I was there every day, of course, and would cry each night when I had to leave him.  I was able to bring him home two days before Thanksgiving, and then continued to care for him for eight more weeks.  I told everyone I was having an 8 week-long vacation with my best friend.  I would take him to doctor visits and to physical therapy.  One of the therapists couldn’t believe I had such a positive attitude, and had such a loving environment in my home.  She had expected to see an exhausted woman and an unclean, unshaven “un-helped” man like she usually saw.  Instead, I was positive and happy and had helped my husband shower and shave and get dressed like I did each morning since the accident.  It seemed the natural thing to do. 

In his times of depression, I encouraged him; in his tears, I comforted him, and now I have released him back into the world fully recovered.  He frequently gets down on his knees and holds my hands and looks me in the eyes, and says “I love you and I trust you with my life.”  He often asked me why I did all this for him.  I looked at him and told him “because I love you and know you would do it for me.”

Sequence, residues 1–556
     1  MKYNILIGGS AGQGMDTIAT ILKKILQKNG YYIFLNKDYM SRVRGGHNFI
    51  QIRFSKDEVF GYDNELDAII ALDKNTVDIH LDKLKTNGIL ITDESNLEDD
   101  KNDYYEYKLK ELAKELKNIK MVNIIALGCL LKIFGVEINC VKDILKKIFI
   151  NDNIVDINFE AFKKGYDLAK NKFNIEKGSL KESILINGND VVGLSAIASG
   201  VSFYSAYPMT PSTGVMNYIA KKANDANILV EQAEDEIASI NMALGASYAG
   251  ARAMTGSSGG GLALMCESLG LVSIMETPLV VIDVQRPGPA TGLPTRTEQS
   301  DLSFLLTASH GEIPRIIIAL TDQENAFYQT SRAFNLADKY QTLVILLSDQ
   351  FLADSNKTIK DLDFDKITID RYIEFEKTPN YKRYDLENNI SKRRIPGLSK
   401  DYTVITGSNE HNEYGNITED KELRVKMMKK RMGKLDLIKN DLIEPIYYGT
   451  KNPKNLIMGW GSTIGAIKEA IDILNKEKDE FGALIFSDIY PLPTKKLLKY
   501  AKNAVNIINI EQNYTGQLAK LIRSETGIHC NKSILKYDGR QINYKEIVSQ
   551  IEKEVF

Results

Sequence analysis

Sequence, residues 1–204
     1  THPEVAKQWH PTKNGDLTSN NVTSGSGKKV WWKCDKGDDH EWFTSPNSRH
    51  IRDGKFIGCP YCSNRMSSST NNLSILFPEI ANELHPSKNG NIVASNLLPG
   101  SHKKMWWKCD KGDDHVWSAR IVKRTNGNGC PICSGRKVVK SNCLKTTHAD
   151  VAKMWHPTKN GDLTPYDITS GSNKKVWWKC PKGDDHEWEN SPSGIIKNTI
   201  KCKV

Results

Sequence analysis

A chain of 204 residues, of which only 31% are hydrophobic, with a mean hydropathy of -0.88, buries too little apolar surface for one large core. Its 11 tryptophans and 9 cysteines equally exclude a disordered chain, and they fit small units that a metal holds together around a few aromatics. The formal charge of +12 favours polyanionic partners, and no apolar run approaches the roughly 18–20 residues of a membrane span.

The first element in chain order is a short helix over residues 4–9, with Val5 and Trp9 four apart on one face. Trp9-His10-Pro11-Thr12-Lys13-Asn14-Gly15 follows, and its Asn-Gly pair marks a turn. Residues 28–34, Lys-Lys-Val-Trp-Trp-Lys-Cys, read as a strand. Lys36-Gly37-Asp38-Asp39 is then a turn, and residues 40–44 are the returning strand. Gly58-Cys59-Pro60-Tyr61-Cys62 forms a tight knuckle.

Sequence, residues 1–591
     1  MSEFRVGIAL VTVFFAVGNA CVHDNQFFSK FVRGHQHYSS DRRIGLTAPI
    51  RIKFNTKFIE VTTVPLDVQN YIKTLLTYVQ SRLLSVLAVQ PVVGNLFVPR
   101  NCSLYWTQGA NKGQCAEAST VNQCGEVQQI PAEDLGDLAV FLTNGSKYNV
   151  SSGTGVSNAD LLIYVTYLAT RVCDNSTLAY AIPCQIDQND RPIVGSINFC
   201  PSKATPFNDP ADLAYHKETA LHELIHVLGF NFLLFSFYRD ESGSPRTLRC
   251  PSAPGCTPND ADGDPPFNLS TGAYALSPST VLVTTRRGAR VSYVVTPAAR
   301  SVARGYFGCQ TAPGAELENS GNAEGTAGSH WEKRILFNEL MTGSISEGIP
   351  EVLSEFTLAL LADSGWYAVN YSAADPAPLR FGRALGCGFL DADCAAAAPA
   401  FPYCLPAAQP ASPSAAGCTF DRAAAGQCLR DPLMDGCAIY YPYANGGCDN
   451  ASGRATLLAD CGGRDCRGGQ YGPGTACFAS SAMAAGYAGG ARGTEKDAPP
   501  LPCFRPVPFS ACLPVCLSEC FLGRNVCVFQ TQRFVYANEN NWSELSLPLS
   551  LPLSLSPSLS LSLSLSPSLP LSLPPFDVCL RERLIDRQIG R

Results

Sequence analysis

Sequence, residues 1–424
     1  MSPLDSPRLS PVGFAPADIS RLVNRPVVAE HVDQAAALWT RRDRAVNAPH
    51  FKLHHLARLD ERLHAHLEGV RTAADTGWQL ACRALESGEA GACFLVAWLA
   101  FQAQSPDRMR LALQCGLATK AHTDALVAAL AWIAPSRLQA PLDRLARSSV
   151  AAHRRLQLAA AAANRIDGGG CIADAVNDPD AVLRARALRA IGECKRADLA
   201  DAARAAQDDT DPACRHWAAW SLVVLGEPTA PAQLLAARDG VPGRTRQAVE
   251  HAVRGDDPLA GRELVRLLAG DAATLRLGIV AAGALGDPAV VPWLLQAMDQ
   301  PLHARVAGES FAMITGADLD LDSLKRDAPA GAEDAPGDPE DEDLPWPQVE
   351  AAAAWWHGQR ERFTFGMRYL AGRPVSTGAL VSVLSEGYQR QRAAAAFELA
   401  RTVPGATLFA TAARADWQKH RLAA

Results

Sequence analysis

I have never read one of your books, but have always agreed with you.  I guess the beautiful examples of the proper care and feeding of husbands I had in my life taught me all the things you are trying to teach each caller now.  I hope I am as good an example to my children.  I hope this letter causes someone to appreciate their “best friend” even more.  Thank you for all you do.

Kathi

Letter of Love

Listener Leslie wrote:

It’s almost Valentine’s Day, so I wanted to tell you about my sweet husband.  We have been married for over two years, and are now hoping to adopt a baby (you wouldn’t believe how long and tedious this process is, but we know it will be worth it!).  He has always supported my decision to be a stay-at-home mother, and we’ve been saving and planning for two years.